- “For the last 20 years our biggest concern was international terrorism -- ISIS, Al Qaeda,” said Bill Bratton. “Now it's here and it's us, and it's the citizens of the United States."
- State capitols across the nation are facing the threat of violence in the days leading up to President-elect Joe Biden’s inaugurations.
- Bratton said that is “much, much harder” to battle domestic terrorism, and that the U.S. does not have the “tools to battle domestic terrorism” in the way it does to battle international terrorism.
Former New York City police commissioner Bill Bratton warned CNBC’s “The News with Shepard Smith” that domestic terrorism has superseded the threat of international terrorism in the United States.
“For the last 20 years our biggest concern was international terrorism — ISIS, Al Qaeda,” Bratton said in a Friday evening interview. “Now it's here and it's us, and it's the citizens of the United States, some of whom are rebelling against everything we thought we believed in for the last 300 to 400 years.”
Former Homeland Security Department counterterrorism official, Nate Snyder, echoed Bratton’s sentiments on “The News with Shepard Smith.”
“If you're talking about the lethality of the threat, domestic terrorism — meaning violent white supremacists, neo-Nazis, sovereign citizens, militia movements — have been the most lethal threat in these past ten years compared to Al Qaeda and ISIS- inspired threats,” Snyder said.
State capitols across the nation are facing the threat of violence in the days leading up to President-elect Joe Biden’s inaugurations. FBI Director Christopher Wray told state officials to take any extremist threat seriously at a briefing on inauguration security at FEMA headquarters on Friday.
“If we find that an individual poses a violent threat, then we and our partners will take advantage of every lawful authority and method we’ve got to disrupt any attempt or attack,” Wray said. “Our posture is aggressive; it’s going to stay that way through the inauguration.”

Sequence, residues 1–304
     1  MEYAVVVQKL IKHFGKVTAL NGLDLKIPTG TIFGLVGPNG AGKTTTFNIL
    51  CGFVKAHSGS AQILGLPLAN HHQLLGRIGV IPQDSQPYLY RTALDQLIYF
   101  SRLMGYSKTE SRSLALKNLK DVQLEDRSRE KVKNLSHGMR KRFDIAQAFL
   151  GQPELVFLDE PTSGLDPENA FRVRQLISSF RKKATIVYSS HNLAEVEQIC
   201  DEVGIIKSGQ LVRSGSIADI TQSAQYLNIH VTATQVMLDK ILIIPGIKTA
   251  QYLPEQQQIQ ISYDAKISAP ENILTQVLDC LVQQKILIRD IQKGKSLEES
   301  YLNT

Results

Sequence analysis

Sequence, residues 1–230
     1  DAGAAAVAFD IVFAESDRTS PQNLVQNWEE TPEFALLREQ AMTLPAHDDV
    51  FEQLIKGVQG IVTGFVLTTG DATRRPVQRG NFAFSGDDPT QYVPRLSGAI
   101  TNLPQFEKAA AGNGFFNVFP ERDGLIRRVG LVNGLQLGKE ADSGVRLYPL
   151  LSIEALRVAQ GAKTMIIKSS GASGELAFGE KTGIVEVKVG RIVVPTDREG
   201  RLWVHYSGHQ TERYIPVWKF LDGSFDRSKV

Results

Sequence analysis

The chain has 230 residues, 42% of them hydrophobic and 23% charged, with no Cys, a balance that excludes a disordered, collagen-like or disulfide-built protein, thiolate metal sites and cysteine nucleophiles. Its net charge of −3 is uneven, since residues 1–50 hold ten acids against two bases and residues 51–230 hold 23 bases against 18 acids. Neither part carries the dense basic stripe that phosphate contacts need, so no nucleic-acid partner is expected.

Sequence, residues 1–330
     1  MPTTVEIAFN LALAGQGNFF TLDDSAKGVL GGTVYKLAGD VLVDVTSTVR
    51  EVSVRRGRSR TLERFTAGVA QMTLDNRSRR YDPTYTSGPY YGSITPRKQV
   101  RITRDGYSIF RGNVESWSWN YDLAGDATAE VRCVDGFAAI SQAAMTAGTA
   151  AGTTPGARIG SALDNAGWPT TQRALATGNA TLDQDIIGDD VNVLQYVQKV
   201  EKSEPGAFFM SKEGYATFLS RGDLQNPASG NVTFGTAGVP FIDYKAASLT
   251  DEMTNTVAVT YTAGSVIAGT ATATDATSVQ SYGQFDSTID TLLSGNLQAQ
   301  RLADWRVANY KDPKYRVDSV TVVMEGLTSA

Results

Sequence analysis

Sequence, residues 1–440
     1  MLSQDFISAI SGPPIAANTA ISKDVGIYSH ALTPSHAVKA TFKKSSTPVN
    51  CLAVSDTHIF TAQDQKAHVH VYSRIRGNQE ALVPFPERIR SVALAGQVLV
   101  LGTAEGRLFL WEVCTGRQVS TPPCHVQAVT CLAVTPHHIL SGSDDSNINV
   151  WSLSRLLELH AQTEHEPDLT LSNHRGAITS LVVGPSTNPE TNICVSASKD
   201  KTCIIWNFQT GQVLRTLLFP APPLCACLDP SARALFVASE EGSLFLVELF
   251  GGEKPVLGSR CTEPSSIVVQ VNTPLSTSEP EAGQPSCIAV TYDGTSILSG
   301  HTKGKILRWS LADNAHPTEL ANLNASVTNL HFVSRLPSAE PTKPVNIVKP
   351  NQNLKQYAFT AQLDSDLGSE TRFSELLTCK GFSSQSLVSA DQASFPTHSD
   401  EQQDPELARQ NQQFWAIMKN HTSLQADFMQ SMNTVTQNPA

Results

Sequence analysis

Wray said the agency is tracking “extensive” online chatter that includes calling for armed protests. Some extremists online have been ignoring President Trump’s call for peace, and are citing the fact that he has still not formally conceded, according to Politico. There are also some extremists on the instant messaging platform “Telegram” who are calling for surprise attacks nationwide, according to the Washington Post.
Bratton told host Shepard Smith that it is “much, much harder” to battle domestic terrorism, and that the U.S. does not have the “tools to battle domestic terrorism” in the way it does to battle international terrorism. Snyder criticized the deleterious effects of the Trump administration’s policies for weakening the country’s ability to combat threats from neo-Nazis, white supremacists, and sovereign citizens.
“Unfortunately, during this administration, there was a systematic atrophication of these efforts, not only from my former office but also from analysts within the department’s intelligence and analysis division that would focus primarily on tracking these threats,” Snyder said.
The National Park Service shut down the National Mall amid widespread security concerns. The Army confirmed Friday that as many as 25,000 National Guard troops will be in D.C. to help with security for Biden’s inauguration. That’s roughly five times the number of troops that the U.S. currently has in Iraq and Afghanistan.
Bratton said there should be more transparency when it comes to law enforcement delivering information to U.S. citizens, in order to keep them aware and to further protect them.
“I hope after January 20 we get back to a situation where we can be more transparent, more forthcoming, and where we can have American law enforcement leadership being where they need to be, which is at those podiums, talking to you, rather than some of us, former law enforcement officials,” Bratton said.